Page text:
The Guide to Changing Your Name after Marriage

Written by Rachel Greenberg

Whether or not to change your name after marriage is a personal decision that each person must make on his/her own. But once you’ve decided to takerepparttar plunge, you need to be prepared forrepparttar 122027 administrative tasks that await you. Trying to get all of your IDs and accounts updated can be tedious, and even just knowing where to start is a major task itself. The following checklist should make this process much less worrisome, and hopefully hassle-free:

1. Certified copy of marriage license Before you begin, make sure you get 2 or 3 certified copies of your marriage license fromrepparttar 122028 office where you applied forrepparttar 122029 license. You will need to show this document several times as proof of your name change. You really only need one copy - since most places only need to seerepparttar 122030 copy, not keep it – but it’s best to have a few extras on hand.

2. Driver’s License The Department of Motor Vehicles is run differently in each state, but it is most likely that you will need to go in person torepparttar 122031 local office and show a certified copy of your marriage license. Some states will also have you update your name on your voter registration atrepparttar 122032 same time that you change your name on your license. If they do not, then make sure you contactrepparttar 122033 appropriate state office to get this done.

3. Social Security Card This will also require a visit in person, so locaterepparttar 122034 Social Security Office in your area. They will need to see a certified copy of your marriage license, as well as another ID with your new name. If you have already completed step #2, then you will haverepparttar 122035 necessary ID. The Social Security Administration will notifyrepparttar 122036 IRS andrepparttar 122037 Post Office of your name change, so you do not need to inform these organizations separately.

4. Bank Accounts & 401k Most banking institutions will need to see a copy ofrepparttar 122038 marriage license (just a regular copy, not a certified copy) along with a written letter stating that you wish to change your name on your accounts. You can either check your accounts online or call each place to see exactly what is needed. Once you have maderepparttar 122039 change, make sure to order checks withrepparttar 122040 new name.

Do You Want To Know How Monogamy Came To Be?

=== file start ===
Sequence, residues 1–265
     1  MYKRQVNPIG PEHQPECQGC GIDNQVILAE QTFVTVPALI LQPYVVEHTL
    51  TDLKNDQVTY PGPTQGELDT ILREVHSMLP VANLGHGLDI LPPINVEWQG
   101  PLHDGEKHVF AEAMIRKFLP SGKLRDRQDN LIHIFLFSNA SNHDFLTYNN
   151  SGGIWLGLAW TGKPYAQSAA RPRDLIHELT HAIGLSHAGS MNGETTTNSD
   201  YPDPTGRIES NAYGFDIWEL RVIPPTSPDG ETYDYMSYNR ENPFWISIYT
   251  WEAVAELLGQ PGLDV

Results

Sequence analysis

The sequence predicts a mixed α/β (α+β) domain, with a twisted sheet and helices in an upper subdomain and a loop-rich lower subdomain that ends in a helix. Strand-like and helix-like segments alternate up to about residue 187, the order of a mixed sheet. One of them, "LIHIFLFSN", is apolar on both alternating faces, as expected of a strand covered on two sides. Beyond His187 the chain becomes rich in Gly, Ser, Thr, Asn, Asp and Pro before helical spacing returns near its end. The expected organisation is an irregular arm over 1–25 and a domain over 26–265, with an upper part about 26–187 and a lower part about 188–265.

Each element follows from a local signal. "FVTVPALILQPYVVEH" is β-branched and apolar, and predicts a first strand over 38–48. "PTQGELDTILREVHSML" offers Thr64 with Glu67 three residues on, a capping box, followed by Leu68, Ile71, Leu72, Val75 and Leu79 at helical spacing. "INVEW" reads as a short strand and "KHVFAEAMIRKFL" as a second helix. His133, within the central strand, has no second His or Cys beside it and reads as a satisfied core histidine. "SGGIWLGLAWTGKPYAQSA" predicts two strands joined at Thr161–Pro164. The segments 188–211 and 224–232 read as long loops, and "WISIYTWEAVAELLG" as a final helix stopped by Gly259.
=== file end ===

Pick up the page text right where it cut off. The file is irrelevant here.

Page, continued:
Written by Joseph T Farkasdi

Inrepparttar Hebrew Bible, there is a clear distinction between a love relationship and a marriage arrangement. Love relationships are depicted, over all, asrepparttar 122026 blinding-revealing passion for someone who isrepparttar 122027 object ofrepparttar 122028 individual’s attention. For example, Yaakov’s passion for Rachel (B’reshith 29). King David’s lustful desire for Batsheva (Sh’muel Bet 11-12). Samson’s love for D’leelah,repparttar 122029 dominatrix ofrepparttar 122030 Hebrew Bible (Shofetim 16). Just to name a few. A marriage arrangement requires thatrepparttar 122031 one’s married to each other fulfillrepparttar 122032 ethical and moral legal obligations that are binding upon them underrepparttar 122033 laws prescribed withinrepparttar 122034 community. Further, love betweenrepparttar 122035 ones married to each other is not guaranteed. Divorce is probable, and arrangements for that are legally prescribed in bothrepparttar 122036 Torah andrepparttar 122037 Talmud. Marital strife is likely to occur due to differences in individual needs or unpredictable circumstances, and must be weathered through by adherence torepparttar 122038 marital obligations. Love can flourish betweenrepparttar 122039 married partners, and this isrepparttar 122040 "ideal" ifrepparttar 122041 individuals work together throughrepparttar 122042 struggles and keepingrepparttar 122043 obligations to nurture its continued existence inrepparttar 122044 marriage. Inrepparttar 122045 Hebrew Bible, all aspects dealing withrepparttar 122046 legal institution of marriage express polygamy. So, too, do allrepparttar 122047 narratives onrepparttar 122048 marriage lives of people; with what may appear to berepparttar 122049 rare exception of a few. But,repparttar 122050 Torah rarely, if ever, gives full disclosure onrepparttar 122051 personal lives of its legendary people. It has selective memory, and midrash of later generations have had to fill in areas not covered. If we were to stretch scripture a little, and interpret that some marriages were intentionally portrayed as monogamous, all this really shows us is two possibilities. The first, is that some men were likely to take only one wife; and/or two, that some should limit themselves to a lesser number. All aspects dealing with what can be described as a monogamous relationship withinrepparttar 122052 Hebrew Bible deal withrepparttar 122053 love affair situation of a biblical patriarch and a woman (not always a Hebrew matriarch). Kept in its context,repparttar 122054 Hebrew Bible presentsrepparttar 122055 cultural marriage arrangement of its time – polygamy. It even legally defines proper marriage behavior forrepparttar 122056 husband who is married to more than one wife (D'varim 21.15-17). And, in typical Hebrew teaching style,repparttar 122057 polygamist marriage narratives teach us that relationships are a struggle between individual needs. And, thatrepparttar 122058 obligations – laws, commandments, rules – of being legally married to each other requires that these struggles be worked out withinrepparttar 122059 marriage. Great lengths of creativity withinrepparttar 122060 marriages of biblical times were taken to accomplish this.